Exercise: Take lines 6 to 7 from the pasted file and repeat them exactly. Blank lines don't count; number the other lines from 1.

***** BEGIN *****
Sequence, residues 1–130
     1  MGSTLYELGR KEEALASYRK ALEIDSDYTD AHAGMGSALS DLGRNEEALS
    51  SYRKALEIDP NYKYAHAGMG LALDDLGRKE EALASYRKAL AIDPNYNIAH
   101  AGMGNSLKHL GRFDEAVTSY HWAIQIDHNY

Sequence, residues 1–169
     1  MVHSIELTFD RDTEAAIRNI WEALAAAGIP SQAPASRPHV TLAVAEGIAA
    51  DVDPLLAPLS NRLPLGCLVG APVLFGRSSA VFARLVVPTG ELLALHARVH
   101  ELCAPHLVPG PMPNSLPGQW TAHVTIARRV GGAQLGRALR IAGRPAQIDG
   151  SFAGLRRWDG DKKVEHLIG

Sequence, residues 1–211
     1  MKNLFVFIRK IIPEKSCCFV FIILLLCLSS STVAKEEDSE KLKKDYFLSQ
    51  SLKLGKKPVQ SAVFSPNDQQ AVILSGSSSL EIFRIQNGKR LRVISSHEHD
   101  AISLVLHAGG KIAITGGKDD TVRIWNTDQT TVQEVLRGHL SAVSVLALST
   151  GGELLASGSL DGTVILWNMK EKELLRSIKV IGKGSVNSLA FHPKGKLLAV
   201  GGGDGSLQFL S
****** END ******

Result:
     1  MVHSIELTFD RDTEAAIRNI WEALAAAGIP SQAPASRPHV TLAVAEGIAA
    51  DVDPLLAPLS NRLPLGCLVG APVLFGRSSA VFARLVVPTG ELLALHARVH